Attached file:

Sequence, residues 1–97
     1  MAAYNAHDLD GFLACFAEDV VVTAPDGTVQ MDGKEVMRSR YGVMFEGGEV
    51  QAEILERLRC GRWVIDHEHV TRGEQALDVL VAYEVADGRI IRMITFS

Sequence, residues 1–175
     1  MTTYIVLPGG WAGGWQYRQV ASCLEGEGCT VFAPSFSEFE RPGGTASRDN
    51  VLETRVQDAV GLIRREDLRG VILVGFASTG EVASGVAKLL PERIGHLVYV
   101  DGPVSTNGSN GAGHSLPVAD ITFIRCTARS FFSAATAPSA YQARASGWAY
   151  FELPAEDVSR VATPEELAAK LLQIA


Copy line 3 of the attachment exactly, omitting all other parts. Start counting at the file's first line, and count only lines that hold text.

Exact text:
    51  QAEILERLRC GRWVIDHEHV TRGEQALDVL VAYEVADGRI IRMITFS